Hot water and cutting for control of Impatiens glandulifera
Peer reviewed, Journal article
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Original versionInvasive Plant Science and Management. 2020, 13 (2), 84-93. 10.1017/inp.2020.7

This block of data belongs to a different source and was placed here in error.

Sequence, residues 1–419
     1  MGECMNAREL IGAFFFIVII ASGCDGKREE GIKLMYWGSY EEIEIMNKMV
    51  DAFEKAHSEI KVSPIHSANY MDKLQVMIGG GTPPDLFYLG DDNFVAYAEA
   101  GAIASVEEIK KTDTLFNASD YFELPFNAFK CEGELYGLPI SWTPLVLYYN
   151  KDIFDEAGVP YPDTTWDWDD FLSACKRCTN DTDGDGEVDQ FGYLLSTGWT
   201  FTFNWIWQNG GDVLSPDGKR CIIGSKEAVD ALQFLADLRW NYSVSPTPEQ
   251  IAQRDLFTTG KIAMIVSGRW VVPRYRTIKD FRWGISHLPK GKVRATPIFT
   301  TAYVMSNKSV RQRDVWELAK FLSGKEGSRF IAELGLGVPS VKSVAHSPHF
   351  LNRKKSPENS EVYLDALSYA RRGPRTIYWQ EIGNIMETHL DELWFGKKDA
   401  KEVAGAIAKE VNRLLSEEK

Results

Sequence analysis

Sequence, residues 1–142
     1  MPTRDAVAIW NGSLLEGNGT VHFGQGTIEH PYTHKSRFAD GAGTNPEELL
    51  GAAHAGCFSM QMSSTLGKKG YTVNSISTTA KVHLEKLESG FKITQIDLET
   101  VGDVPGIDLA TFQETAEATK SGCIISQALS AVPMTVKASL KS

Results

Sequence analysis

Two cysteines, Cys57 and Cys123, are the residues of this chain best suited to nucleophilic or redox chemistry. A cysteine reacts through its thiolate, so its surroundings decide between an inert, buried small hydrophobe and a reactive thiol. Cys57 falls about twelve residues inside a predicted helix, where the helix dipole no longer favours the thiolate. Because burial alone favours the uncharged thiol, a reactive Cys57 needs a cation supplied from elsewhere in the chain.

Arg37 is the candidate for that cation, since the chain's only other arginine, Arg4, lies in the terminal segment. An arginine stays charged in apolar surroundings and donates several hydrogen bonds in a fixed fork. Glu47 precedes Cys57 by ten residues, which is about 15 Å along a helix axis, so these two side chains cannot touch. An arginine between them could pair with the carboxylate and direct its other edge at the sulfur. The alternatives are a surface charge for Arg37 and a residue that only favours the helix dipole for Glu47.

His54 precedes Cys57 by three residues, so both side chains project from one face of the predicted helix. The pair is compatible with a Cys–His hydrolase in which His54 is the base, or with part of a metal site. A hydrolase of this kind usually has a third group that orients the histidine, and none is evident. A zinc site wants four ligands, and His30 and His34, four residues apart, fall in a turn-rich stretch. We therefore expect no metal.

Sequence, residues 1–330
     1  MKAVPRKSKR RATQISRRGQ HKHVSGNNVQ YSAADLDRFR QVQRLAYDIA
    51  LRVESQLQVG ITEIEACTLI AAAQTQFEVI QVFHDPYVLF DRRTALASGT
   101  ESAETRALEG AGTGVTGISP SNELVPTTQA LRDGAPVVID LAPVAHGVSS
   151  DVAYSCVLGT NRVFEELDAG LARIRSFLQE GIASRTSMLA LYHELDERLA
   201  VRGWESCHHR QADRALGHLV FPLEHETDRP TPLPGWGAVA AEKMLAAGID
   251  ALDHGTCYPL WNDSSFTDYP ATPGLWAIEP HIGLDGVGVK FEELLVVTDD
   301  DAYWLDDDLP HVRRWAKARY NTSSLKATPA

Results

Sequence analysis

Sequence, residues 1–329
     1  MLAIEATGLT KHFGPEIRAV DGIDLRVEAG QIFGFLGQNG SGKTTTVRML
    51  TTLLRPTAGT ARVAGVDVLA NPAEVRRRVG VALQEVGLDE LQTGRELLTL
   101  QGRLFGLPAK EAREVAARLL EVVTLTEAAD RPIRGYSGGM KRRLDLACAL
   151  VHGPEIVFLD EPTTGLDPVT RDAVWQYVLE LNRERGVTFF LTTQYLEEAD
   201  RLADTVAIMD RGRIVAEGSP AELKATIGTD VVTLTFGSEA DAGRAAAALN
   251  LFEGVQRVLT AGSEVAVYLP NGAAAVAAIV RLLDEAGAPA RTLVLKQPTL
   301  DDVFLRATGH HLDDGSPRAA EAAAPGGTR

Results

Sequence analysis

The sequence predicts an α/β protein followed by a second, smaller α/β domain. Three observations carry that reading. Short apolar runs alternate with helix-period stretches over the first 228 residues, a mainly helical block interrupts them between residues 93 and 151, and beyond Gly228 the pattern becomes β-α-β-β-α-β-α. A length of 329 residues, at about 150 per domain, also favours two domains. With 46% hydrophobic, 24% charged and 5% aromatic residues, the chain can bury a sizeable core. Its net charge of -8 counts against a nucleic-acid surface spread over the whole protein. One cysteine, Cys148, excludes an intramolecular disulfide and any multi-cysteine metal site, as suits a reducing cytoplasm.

Ornamental jewelweed (Impatiens glandulifera Royle) is an alien invasive plant in Europe. This annual plant often grows in riparian habitats where herbicides are prohibited. Several studies have reported the negative effect on ecosystem and ecosystem services by this species. However, limited research is published on control measures and the aim of our study was to explore use of hot water and cutting to control I. glandulifera. A lab experiment showed that the lethal water temperature for seed was between 45 and 50 C. In a pot experiment with seeds in soil, emergence of I. glandulifera was reduced by 78% and 93% compared with the untreated control with volumes of hot water (80 C) of 7.2 and 14.5 L m−2, respectively. When treatments were conducted on relatively tall plants (almost 60 cm) in late June, hot water gave significantly better control than cutting. Compared with an untreated control, I. glandulifera cover was reduced by 97% and 79% after hot water and cutting, respectively. Application of hot water to smaller (<40 cm) and less developed plants (BBCH 12–13) in early June and cutting of plants with visible flower buds (mid-July) led to no significant difference in cover. Compared with an untreated control, I. glandulifera cover was reduced by 99% (cut below first node) and 91% (hot water and cut above first node). When relatively tall plants (almost 60 cm) were treated, hot water use was high (31.1 L m−2) and required twice as many work hours (4.8 min m−2) as cutting (2.4 min m−2). When smaller plants (<40 cm) were targeted, work hours and hot water use were reduced to 2.1 min m−2 and 13.7 L m−2, respectively.